Tuesday, April 22, 2014

Year Four of Reading

This is my birthday post of the books I read over the past year of my life. These are not necessarily the most well written books or the books most respected by professional reviewers, but the books I personally enjoyed most. I read 81 books this year, and these are the 12 I liked best.

*A Tale for the Time Being by Ruth Ozeki A Japanese-American stalled writer finds the diary of a young Japanese girl washed up on a seashore and becomes obsessed with finding the author. An engrossing and touching story, with a bit of mystery, a bit of philosophical meditation, and some magical realism. A finalist for this year's National Book Critics Circle Award and Booker Prize. (Feb. 2014)

*The Goldfinch by Donna Tartt A long, complicated book with a multitude of interesting characters, very Dickens-like. The story follows a young, orphaned boy to adulthood, telling of his adventures and misadventures and the people who influence him along the way. Winner of the 2014 Pulitzer Prize. (Dec. 2013)

*Going After Cacciato by Tim O'Brien One soldier's Vietnamese War experiences, both real and fantasized. Very dreamlike and surrealistic. Winner of the 1979 National Book Award. (Dec. 2013)

*Little Dorrit by Charles Dickens A typical Dickens novel with a heroine who is too-good-to-be-true and a villain who is too-bad-to-be-true, and yet they are like people you know, just a shade exaggerated. A complicated and suspenseful plot makes this one of the better Dickens novels, except that at 900 pages it drags on too long. (Dec. 2013)

*The Magic Toyshop by Angela Carter The familiar plot of orphans left in the care of a villainous relative, with the special Carter combination of the grotesque and the surrealistic. I don't know if everyone would appreciate this author, but she is one of my favorites. (Oct. 2013)

*Doctor Sleep by Stephen King The compulsively readable story of the little boy from The Shining when he is all grown up and grappling with substance addiction and soul-sucking vampires. I generally love Stephen King and I refuse to believe he is no more than a genre hack. (Oct. 2013)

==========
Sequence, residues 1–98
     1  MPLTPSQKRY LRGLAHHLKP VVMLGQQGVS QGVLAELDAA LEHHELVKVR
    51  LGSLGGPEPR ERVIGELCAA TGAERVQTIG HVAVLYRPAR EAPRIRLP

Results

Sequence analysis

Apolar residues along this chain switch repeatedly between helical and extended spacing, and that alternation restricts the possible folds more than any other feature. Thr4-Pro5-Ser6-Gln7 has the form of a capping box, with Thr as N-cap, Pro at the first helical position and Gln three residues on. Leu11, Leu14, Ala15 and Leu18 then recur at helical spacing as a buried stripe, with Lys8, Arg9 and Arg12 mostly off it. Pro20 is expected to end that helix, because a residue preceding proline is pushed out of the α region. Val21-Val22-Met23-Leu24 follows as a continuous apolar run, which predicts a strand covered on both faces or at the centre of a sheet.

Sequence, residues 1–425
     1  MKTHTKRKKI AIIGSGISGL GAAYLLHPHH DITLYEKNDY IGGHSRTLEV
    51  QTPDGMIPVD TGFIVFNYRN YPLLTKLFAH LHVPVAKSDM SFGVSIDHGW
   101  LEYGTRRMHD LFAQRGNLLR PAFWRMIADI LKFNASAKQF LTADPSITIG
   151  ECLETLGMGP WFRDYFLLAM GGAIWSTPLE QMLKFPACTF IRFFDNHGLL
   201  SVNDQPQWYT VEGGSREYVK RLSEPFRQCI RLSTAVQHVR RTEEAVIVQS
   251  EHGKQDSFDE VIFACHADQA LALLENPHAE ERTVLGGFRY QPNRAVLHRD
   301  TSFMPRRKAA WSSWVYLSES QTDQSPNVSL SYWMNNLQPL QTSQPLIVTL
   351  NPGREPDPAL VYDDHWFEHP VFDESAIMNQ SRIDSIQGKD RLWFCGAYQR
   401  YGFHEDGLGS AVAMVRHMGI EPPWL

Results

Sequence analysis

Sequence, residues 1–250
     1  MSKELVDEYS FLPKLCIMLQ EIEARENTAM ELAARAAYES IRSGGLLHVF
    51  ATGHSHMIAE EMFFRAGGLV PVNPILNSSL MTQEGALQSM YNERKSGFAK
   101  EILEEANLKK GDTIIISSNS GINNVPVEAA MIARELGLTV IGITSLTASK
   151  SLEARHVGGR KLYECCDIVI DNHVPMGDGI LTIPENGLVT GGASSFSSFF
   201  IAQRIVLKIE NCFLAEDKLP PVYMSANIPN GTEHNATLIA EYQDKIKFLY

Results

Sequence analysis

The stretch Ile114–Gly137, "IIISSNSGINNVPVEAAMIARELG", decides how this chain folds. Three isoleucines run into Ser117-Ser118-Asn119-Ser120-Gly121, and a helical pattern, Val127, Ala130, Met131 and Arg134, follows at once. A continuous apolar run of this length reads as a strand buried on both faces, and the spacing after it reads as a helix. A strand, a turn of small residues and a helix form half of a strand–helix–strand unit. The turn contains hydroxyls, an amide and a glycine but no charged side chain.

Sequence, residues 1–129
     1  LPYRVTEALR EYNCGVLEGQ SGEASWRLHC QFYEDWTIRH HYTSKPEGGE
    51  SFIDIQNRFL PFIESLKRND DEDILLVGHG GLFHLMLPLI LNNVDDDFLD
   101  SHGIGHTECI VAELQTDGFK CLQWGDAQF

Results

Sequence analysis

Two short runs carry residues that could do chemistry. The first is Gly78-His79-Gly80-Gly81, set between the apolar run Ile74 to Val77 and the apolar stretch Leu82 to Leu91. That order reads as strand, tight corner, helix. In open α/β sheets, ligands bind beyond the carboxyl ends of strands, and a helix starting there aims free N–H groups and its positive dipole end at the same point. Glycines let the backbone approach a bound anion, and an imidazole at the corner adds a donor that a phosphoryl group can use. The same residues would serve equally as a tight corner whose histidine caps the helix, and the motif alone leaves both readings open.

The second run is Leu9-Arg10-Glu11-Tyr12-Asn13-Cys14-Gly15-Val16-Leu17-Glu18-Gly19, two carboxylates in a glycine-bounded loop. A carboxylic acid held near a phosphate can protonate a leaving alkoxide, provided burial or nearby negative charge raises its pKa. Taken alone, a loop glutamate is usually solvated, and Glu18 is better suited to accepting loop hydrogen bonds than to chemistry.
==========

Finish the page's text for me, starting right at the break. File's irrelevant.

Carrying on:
*The Tenant of Wildfell Hall by Anne Bronte. A realistic novel from the "other" Bronte sister, warning of the dangers when a good girl chooses a bad boy, thinking he can be whipped into shape. (Oct. 2013)

*Middlemarch by George Eliot Maybe the most well-written book I have ever read. Three intertwined love stories with spot-on character portrayals. It's lengthy, it's not easy to read, it's a bit cynical, but it's the best of the best. (Sept. 2013)

*The Monk by Matthew G. Lewis A no-holds-barred early Gothic novel with authentic thrills and chills. Also very sexy. (Aug. 2013)

*To Say Nothing of the Dog by Connie Willis I read several so-called "comic" novels this year, and this was by far the funniest. A very clever account of time travel to Victorian England. (July 2013)

*The Orphan Master's Son by Adam Johnson A picture of North Korea through the eyes of Pak Jun Do, a sort of Forrest Gump-type character who is present in various roles at crucial events. In turns satirical, humorous, tragic, and horrifying. Winner of the 2013 Pulitzer Prize. (May, 2013)

*The Snow Child by Eowyn Ivey A realistic picture of early settlers in Alaska, together with a magical realism account of love realized. It is not the most well written book I read this year, but it may be my favorite. Finalist for the 2013 Pulitzer Prize. (May, 2013)

I read only three books this year which I absolutely disliked, in spite of the fact that they were all well written. I just couldn't overlook the fact that the focus and subject matter were abhorrent to me. These were Being Dead by Jim Crace, about what it's like to be dead, in graphic detail; Mrs. Palfrey at the Claremont by Elizabeth Taylor, about what it's like to be old and in bad health and bored and depressed; and Dog Soldiers by Robert Stone, about what it's like to be aimless and without hope.